THE North-East’s biggest council has defended its economic record after County Durham was unflatteringly compared with some of Europe’s poorest countries in an analysis of comparative wealth.
Maps published online and drawn up with data from Eurostat, an arm of the European Commission, show County Durham, along with the west of Wales, is lagging behind the rest of the UK’s regions when it comes to gross domestic product (GDP) - the value of goods produced and services provided per resident.
The statistics rank the county’s per capita GDP at less than 75 per cent of the EU-wide average and alongside the likes of Romania, southern Italy, Greece and much of eastern Europe.
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While Romania has had one of Europe’s fastest growing economies, specialising in the likes of IT and car production, it remains one of the continent’s poorest countries with almost a quarter of its population living below the poverty line.
The rest of the North-East is placed in the 75 per cent to less than 90 per cent bracket, while North Yorkshire is in the 90 per cent to less than 100 per cent category when it comes to the EU average for per capita GDP.
Durham County Council was forced to redraw its economic blueprint for the county – the County Durham Plan – after previous proposals were criticised by a Government inspector.
Critics have also highlighted the gender gap in the county with the employment rate for women lagging behind the North-East average and among the worst in the country.
Durham County Council leader, Councillor Simon Henig said: “As with all former industrial areas, County Durham has historically seen less growth than other areas of the country, however we are committed to working with businesses to provide jobs for residents and strengthen our local economy.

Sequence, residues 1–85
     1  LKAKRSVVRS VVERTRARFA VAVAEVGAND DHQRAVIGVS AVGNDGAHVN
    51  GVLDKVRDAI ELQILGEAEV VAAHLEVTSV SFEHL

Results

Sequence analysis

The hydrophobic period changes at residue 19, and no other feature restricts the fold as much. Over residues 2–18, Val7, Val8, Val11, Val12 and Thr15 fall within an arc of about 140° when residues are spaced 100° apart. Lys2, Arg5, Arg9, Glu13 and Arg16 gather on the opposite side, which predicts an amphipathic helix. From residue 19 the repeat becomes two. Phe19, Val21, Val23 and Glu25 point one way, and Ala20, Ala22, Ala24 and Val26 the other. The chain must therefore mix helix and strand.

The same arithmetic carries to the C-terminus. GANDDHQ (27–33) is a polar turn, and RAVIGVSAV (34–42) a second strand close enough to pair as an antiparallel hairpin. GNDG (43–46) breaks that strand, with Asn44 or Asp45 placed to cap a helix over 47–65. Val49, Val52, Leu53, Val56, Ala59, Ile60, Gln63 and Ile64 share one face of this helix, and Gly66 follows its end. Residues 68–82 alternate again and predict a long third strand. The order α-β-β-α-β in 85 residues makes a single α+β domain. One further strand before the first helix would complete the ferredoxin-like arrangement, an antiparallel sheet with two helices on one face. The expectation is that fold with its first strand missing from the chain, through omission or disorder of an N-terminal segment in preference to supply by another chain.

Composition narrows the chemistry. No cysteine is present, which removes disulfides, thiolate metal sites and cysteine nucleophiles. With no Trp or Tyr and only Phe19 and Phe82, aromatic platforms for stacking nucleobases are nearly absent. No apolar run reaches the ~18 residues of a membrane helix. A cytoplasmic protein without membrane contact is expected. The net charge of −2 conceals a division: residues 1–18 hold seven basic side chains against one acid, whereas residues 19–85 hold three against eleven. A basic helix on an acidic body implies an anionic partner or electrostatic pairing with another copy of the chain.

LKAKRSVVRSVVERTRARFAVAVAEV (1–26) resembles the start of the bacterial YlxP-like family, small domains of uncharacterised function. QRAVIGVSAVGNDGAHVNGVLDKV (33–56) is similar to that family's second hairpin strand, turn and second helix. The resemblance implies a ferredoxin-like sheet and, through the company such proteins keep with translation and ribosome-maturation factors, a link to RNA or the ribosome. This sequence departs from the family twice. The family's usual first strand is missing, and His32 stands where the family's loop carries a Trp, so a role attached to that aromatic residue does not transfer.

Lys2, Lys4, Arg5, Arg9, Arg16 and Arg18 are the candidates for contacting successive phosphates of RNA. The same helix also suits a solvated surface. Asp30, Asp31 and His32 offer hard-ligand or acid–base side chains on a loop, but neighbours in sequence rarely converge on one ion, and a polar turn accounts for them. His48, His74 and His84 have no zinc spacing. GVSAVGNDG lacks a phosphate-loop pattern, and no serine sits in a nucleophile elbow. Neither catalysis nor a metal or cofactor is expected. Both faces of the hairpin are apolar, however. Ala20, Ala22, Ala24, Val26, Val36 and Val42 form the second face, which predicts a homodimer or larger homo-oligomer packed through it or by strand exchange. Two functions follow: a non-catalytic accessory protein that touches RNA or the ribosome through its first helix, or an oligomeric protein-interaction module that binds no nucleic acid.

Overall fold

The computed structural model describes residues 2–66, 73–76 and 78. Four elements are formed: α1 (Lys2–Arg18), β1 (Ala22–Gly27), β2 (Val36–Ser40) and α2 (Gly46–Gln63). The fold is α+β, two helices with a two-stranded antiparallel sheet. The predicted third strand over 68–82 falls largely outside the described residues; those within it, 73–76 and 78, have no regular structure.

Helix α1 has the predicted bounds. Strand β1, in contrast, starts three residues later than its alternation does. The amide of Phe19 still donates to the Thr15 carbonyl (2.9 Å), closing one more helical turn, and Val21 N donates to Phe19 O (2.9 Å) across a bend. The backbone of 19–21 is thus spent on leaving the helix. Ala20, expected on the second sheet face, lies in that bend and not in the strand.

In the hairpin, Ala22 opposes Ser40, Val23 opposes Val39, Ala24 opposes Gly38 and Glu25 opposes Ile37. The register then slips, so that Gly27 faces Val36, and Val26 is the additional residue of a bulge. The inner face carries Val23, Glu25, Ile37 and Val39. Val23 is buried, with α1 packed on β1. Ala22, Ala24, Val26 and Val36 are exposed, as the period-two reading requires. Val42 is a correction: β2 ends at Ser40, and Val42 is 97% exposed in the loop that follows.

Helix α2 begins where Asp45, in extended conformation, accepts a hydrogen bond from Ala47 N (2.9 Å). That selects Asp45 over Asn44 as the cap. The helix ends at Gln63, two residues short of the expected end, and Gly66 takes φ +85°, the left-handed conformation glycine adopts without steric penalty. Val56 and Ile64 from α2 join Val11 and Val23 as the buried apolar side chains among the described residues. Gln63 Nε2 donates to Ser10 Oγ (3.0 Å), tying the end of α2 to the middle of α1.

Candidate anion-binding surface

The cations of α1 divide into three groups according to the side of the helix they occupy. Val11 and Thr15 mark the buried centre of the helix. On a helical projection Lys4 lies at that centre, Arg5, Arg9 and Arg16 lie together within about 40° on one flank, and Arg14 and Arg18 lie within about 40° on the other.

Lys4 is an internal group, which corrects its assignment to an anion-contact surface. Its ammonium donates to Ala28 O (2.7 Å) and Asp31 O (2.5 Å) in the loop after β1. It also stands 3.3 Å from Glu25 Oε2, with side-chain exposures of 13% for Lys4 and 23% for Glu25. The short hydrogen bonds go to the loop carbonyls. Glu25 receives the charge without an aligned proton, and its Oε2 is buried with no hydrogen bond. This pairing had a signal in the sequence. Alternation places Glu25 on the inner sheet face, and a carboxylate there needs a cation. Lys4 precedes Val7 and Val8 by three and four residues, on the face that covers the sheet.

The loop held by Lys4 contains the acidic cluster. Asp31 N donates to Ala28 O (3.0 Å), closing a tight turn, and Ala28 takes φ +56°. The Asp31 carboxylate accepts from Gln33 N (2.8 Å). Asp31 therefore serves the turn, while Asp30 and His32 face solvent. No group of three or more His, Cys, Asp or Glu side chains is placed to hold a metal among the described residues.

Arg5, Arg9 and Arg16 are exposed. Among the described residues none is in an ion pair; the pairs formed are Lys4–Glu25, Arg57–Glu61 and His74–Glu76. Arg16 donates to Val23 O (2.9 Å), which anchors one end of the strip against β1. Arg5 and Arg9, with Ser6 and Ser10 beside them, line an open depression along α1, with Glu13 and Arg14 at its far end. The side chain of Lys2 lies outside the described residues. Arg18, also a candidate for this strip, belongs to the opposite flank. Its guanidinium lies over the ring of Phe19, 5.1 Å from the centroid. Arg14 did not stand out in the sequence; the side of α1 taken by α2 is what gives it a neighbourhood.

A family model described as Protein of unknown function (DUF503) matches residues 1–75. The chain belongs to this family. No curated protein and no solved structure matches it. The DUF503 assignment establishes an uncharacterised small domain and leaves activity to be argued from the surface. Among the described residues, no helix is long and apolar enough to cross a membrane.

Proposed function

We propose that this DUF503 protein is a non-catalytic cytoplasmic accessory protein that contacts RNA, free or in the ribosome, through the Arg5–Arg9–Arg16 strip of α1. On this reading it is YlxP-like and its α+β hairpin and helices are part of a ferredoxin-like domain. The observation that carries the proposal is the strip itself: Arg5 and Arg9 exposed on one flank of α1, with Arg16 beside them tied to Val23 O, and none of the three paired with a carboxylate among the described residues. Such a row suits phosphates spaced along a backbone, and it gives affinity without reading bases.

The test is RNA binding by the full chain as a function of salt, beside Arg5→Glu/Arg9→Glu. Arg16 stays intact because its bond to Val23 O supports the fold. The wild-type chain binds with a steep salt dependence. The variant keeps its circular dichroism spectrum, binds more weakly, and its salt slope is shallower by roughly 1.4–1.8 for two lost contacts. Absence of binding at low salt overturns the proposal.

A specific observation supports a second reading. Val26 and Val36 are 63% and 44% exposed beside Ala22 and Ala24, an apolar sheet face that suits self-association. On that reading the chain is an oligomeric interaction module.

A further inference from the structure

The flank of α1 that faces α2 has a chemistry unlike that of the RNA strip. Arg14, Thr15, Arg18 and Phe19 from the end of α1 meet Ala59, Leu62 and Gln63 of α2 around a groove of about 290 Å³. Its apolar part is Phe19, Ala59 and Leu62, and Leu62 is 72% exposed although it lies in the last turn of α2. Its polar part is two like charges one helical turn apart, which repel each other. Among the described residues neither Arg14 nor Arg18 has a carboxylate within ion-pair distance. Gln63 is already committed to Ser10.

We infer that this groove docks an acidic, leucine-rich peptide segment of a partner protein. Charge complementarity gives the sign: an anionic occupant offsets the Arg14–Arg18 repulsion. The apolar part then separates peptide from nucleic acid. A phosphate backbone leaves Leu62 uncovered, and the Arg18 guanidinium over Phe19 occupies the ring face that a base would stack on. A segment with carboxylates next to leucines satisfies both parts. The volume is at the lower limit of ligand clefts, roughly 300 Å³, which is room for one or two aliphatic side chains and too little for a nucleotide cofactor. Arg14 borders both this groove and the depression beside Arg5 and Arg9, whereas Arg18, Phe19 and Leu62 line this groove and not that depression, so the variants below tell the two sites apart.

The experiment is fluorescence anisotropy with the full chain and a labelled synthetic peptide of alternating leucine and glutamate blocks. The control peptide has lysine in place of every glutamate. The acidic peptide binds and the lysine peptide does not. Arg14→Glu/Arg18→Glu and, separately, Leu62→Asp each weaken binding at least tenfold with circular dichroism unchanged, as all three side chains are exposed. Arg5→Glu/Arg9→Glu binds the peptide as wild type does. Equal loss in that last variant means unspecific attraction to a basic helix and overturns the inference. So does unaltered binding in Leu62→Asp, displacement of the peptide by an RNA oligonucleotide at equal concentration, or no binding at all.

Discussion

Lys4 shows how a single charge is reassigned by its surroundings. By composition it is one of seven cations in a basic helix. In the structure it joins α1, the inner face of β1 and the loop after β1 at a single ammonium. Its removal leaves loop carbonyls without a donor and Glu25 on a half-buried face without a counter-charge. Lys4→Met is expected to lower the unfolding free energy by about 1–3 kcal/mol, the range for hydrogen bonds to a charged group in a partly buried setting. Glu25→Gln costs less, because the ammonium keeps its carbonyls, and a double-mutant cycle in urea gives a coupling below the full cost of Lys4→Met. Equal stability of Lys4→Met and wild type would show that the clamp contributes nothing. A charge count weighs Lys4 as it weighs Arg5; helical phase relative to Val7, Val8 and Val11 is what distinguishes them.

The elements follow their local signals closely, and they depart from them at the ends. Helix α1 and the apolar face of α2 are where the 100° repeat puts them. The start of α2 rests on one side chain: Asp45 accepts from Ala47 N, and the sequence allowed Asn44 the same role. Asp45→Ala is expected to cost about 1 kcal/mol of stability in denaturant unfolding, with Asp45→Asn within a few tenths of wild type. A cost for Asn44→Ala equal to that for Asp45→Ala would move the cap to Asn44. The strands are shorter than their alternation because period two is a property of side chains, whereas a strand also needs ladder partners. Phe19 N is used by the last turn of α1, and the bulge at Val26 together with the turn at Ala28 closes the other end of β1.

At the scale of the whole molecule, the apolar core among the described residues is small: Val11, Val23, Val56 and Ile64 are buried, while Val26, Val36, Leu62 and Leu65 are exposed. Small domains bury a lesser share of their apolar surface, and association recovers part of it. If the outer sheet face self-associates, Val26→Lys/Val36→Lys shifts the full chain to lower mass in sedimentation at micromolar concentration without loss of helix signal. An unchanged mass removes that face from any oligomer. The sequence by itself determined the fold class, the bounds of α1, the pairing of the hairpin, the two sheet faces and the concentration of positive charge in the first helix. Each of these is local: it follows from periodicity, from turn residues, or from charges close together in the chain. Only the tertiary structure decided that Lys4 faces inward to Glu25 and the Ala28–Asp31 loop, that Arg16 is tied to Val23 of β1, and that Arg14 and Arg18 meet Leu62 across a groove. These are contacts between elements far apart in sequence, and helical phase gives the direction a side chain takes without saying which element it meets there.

“It’s so important additional funding is made available for areas like County Durham and this is why we need clarity as soon as possible regarding funding once we leave the EU.”
Cllr Henig said the results of the council’s continued efforts to promote the county included the £28m train assembly facility opened by Hitachi, in Newton Aycliffe, the NETPark science park in Sedgefield, which employs more than 400 people, and the ResQ call centre in Seaham.
He added: “Our Finance Durham fund will see us invest £20m to help businesses grow, alongside the £10m we secured for the extension of Forrest Park and the 300 jobs we helped bring to County Durham by encouraging Atom Bank to set up here.
“We are also raising awareness of what a fantastic place the county is to live, work, invest, study and visit through the This is Durham, Place of Light campaign, which recently saw us host a reception at Westminster.”
Ross Smith, director of policy at the North East Chamber of Commerce
Ross Smith, director of policy at the North East Chamber of Commerce, said: “We have many excellent firms in County Durham which are world class, but what we need are the conditions to allow them to grow to their full potential, then attract others like them.”